For one thing, I have worked with dozens of outstanding female sports reporters - talented, intelligent journalists who are dedicated to their jobs of informing their readers, viewers and listeners. It seems outrageous that in 2017, we have to even have this conversation. I feel badly for them that there are athletes, coaches and others (including fans) who judge them purely on the basis of their gender.

For another thing, I have stood up for Cam repeatedly, and now I feel like I've been played a little.

Because of his on-field celebrations, his occasional mopey behavior, his perceived selfishness and, yes, his race, he has been a lightning rod for criticism since he entered the NFL in 2011. (Actually, he was a lightning rod before that due to some incidents during his whirlwind college career.)

I often felt he has been criticized more harshly because he's black. I mean, nobody seemed to mind celebrations by Aaron Rodgers and Tom Brady. I encouraged Cam's detractors to look at his entire body of work: his mostly fine play for the Panthers, his work ethic, his support of teammates, his charitable acts, his obvious love of children, etc.

Now, unfortunately, his body of work includes his neanderthal attitude toward women.

If Newton's "people" are smart, they will have him publicly apologize to Rodrigue and promise to work on his shortcomings. Cam's apology would sound insincere, of course, but at least he would be on the record as having said he was sorry - and that he aims to improve himself as a human being. A donation to a shelter for homeless women would be a nice touch, too.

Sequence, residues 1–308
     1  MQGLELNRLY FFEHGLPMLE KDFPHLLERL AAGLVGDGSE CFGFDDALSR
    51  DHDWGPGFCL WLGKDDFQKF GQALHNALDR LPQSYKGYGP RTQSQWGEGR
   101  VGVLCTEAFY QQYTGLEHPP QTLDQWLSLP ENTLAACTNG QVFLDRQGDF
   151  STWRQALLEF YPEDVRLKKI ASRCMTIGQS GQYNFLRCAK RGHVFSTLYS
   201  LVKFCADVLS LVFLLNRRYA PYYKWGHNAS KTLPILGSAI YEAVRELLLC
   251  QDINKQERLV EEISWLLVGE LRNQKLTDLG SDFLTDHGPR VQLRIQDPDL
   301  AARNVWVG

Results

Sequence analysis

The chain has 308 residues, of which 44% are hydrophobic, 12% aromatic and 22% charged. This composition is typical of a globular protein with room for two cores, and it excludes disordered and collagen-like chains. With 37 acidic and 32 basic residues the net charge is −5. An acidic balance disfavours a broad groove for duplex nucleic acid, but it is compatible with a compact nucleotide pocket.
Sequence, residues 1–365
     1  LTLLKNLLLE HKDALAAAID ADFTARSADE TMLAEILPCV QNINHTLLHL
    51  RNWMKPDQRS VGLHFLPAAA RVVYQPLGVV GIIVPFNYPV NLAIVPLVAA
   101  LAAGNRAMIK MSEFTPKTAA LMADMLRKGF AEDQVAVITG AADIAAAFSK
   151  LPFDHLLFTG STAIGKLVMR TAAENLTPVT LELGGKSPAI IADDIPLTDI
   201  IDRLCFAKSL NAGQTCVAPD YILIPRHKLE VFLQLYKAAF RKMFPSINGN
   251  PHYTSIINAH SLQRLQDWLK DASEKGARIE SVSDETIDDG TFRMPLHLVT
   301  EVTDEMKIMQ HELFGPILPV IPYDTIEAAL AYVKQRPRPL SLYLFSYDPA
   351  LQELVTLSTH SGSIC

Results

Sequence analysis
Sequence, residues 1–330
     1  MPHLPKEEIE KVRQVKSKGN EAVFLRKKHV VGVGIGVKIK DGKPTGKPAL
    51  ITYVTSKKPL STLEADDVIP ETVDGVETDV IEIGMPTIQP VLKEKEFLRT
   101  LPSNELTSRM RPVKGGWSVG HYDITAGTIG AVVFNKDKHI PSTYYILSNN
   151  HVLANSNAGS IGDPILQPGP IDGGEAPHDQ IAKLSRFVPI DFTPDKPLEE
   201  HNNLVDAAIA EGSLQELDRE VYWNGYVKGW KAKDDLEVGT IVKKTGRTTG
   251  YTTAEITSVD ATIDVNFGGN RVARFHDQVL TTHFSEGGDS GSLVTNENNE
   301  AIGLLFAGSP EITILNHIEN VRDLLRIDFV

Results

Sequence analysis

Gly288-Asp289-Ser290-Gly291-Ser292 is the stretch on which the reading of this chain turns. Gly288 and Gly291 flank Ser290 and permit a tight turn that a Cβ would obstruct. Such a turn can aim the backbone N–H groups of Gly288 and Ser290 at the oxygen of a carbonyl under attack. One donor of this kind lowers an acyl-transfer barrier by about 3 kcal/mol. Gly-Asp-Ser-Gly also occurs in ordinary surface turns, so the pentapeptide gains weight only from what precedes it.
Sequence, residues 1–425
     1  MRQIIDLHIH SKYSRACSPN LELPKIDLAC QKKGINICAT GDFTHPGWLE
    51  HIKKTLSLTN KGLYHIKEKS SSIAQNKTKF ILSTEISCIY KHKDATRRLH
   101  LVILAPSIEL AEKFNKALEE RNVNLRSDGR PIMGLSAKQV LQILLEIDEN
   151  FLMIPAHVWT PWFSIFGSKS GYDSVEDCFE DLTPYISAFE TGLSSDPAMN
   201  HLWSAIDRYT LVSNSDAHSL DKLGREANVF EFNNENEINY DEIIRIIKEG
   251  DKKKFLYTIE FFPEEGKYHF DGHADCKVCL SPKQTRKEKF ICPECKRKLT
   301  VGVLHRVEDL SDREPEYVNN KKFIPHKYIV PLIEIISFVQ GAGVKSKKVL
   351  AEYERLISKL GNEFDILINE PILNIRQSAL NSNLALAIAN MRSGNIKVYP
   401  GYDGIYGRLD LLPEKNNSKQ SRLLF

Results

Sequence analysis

Hey, I am not naive. I covered big-money sports for three decades. I was in hundreds (maybe thousands) of locker rooms. So I witnessed all manner of crude, sometimes misogynistic behavior. That many athletes act like jerks toward or around women is hardly shocking.

Furthermore, when I'd go on the radio or have some other interaction with a large group of sports fans, one question I almost always would get was: "Is (insert player's name) a good guy?" I usually answered by saying something like:

"He seems to be, but I don't really know. Who knows what he does when he gets home? I don't know him, you don't know him, and he doesn't really want to get to know any of us too well. In the end, as good as he is at (insert sport here), he's just a human being, with the same kinds of flaws and frailties the rest of us have. Never forget that."

So I won't say this episode proves that Newton is a "bad guy." I don't know him well enough to know that. It doesn't make him any less charitable, any less good with kids, any less of a football player.

But one thing we do know now is that Cam is at best, ignorant; at worst, a sexist.


Having said all that, I realize that there might be a few people saying: "OK Mr. Women's Lib, what about your take-down of Erin Andrews back in 2008?"

OK, what about it?

By using her position as a high-profile ESPN reporter to flirt with athletes in the locker room while dressed as if she were heading to the beach - stuff witnessed by dozens of Cubs players and media members on that July 2008 day - Andrews, in her own way, insulted female reporters as much as Cam Newton did.

Many women in the industry actually thanked me for writing that column, because they wanted to be taken seriously as journalists, not sex objects.

And to Andrews' credit, I have not seen her act unprofessionally since then.

Obviously I'm biased, but what I wrote about Erin Andrews is not even remotely relatable to what Cam Newton said about Jourdan Rodrigue.